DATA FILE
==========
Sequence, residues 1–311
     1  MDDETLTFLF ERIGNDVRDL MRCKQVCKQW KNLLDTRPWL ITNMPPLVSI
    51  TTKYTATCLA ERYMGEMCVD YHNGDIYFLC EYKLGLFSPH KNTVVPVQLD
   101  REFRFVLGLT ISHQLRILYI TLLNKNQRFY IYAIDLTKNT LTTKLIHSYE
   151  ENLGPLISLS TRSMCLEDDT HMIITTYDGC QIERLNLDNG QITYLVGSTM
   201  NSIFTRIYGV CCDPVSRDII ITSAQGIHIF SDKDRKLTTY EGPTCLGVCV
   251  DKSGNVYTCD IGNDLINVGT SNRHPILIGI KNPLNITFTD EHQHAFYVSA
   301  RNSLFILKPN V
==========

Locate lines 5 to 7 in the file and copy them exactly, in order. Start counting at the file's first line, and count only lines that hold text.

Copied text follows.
   151  ENLGPLISLS TRSMCLEDDT HMIITTYDGC QIERLNLDNG QITYLVGSTM
   201  NSIFTRIYGV CCDPVSRDII ITSAQGIHIF SDKDRKLTTY EGPTCLGVCV
   251  DKSGNVYTCD IGNDLINVGT SNRHPILIGI KNPLNITFTD EHQHAFYVSA